I certainly can’t lay claim to the fairly new acronym of MRI. That credit goes to Dr. Grant Woods of GrowingDeer.TV. But I am certainly familiar with the concept of using the most recent information (MRI) in hunting deer— and you should get to know it as well.
The premise is simple. Use trail cameras to dictate how, when and where you hunt. In my experience, there is no better time to employ MRI than right now during the dreaded “October Lull.”
Conventional deer hunting wisdom states that mid-October is a time of the season when mature bucks move much less during daylight hours. I agree to a point. I also happen to strongly disagree. How can that be? Well, it really depends on the deer, the conditions and—most importantly—the hunting pressure in the area you hunt.
With the opening of bow season, more than 250,000 people will hit the woods in Georgia.
A healthy percentage of those hunters will be in a stand on opening day and will hunt hard the first couple of weekends. I am not one of them. In fact, I very seldom hunt the first 10 to 12 days of the season. If I do go, I’ll sit in observation- type stands only.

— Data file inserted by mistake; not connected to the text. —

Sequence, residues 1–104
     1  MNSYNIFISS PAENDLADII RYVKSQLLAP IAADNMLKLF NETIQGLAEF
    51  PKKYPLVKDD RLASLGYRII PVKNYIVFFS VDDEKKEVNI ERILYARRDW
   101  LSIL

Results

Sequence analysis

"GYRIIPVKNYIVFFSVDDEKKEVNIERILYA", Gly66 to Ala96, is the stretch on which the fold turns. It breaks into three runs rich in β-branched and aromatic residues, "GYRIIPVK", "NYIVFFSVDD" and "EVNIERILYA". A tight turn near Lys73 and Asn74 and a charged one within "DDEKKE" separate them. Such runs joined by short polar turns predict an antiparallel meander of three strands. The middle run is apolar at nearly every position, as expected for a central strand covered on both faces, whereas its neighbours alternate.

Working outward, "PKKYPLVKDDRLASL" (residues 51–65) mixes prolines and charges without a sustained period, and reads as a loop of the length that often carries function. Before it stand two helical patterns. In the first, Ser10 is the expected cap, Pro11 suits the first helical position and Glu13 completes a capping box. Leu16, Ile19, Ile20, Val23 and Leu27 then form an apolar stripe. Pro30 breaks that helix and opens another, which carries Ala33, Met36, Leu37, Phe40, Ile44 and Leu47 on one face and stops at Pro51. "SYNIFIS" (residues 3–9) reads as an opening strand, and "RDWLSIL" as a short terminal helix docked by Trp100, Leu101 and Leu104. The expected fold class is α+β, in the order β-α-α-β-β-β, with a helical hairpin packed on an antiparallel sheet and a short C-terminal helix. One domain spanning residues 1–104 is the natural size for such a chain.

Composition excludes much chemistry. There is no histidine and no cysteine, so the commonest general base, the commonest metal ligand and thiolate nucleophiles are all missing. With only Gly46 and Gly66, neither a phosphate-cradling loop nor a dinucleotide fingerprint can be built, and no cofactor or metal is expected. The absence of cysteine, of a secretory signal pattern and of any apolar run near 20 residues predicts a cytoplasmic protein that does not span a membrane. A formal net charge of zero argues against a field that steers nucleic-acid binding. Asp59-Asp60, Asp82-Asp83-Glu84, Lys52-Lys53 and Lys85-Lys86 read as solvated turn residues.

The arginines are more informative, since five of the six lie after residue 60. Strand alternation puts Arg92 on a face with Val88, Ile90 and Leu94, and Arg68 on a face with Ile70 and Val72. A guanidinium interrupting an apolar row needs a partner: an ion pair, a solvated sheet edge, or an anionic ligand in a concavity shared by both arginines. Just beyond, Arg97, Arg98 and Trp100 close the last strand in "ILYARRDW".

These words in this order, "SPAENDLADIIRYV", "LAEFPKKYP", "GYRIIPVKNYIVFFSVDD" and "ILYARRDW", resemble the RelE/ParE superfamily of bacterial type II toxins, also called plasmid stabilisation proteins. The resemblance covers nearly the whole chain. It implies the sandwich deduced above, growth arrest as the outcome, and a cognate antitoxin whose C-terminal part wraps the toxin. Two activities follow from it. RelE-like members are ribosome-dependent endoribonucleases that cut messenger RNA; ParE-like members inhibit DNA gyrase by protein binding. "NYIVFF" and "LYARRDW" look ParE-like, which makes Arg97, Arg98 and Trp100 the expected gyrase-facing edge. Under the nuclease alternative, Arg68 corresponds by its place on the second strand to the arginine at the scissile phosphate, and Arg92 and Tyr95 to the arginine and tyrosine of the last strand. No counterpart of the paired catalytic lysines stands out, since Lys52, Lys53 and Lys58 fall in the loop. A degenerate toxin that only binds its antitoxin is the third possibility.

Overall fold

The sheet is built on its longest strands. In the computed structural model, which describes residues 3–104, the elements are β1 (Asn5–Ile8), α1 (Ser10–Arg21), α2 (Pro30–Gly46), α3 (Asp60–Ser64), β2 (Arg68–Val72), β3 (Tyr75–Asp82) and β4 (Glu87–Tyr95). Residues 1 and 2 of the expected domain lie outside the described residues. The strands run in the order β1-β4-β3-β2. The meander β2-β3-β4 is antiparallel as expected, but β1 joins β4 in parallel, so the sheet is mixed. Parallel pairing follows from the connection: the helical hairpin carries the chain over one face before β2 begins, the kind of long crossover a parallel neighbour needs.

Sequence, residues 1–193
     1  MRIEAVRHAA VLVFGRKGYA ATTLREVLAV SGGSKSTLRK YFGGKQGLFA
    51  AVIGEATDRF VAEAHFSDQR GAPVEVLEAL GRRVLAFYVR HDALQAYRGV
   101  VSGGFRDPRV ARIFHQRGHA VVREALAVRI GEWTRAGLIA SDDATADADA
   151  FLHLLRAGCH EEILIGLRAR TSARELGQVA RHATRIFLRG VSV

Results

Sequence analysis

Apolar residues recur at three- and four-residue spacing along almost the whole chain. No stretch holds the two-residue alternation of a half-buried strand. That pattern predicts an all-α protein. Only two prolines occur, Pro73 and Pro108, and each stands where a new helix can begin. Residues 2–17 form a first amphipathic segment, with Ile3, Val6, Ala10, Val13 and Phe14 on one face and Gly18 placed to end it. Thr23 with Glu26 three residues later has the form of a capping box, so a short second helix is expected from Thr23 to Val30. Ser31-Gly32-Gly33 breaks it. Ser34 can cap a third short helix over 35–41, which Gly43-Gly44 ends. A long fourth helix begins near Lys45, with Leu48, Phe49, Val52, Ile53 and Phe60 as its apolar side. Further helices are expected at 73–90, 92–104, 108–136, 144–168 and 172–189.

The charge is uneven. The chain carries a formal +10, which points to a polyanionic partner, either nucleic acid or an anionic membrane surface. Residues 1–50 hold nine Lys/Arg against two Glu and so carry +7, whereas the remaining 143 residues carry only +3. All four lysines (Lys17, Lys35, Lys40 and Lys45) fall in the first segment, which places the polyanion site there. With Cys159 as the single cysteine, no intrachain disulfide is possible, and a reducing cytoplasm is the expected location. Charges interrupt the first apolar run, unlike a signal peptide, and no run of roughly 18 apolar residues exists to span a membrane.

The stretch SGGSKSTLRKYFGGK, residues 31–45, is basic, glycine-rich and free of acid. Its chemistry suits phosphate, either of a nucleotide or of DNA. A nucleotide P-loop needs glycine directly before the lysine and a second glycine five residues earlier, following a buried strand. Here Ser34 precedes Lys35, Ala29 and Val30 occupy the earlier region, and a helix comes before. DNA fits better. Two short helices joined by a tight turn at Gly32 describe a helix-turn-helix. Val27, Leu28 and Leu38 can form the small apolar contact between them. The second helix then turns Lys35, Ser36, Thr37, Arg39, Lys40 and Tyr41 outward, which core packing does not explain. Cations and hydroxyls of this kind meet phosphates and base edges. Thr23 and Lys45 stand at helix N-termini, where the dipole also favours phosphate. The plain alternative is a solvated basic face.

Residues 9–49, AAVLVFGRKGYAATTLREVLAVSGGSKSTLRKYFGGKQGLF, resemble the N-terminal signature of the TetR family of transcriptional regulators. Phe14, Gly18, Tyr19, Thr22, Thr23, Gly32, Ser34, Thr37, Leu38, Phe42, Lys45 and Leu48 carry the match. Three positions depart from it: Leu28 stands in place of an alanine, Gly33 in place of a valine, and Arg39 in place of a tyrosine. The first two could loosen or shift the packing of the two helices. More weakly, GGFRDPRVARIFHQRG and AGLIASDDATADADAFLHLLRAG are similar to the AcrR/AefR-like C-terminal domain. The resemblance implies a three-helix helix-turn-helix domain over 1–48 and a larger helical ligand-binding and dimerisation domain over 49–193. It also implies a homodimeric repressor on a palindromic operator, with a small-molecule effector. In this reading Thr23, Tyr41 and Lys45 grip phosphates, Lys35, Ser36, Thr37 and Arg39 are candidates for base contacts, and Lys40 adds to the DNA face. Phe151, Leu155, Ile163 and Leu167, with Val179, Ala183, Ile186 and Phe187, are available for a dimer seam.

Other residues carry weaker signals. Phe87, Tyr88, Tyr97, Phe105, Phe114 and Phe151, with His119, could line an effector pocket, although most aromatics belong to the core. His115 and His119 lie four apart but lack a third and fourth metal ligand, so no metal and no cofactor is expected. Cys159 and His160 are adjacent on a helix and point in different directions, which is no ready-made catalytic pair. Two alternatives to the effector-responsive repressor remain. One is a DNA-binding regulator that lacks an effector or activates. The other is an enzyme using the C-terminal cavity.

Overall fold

My trail cameras, however, will be supplied with fresh batteries and memory cards. By leaving my better areas alone, I firmly believe I am creating zones that bucks will relocate to as the pressure on neighboring properties increases. The trail cameras confirm this. Some mature bucks will continue to move during daylight hours in the areas they feel safe, while others will simply become mostly nocturnal.
The trail cameras tell the tale. When the first few weekends of the bow season have passed, I check the trail cameras. If I have a buck I want to kill on camera during daylight, I’ll hunt that location. Using the most recent information I have is a key to taming the October lull.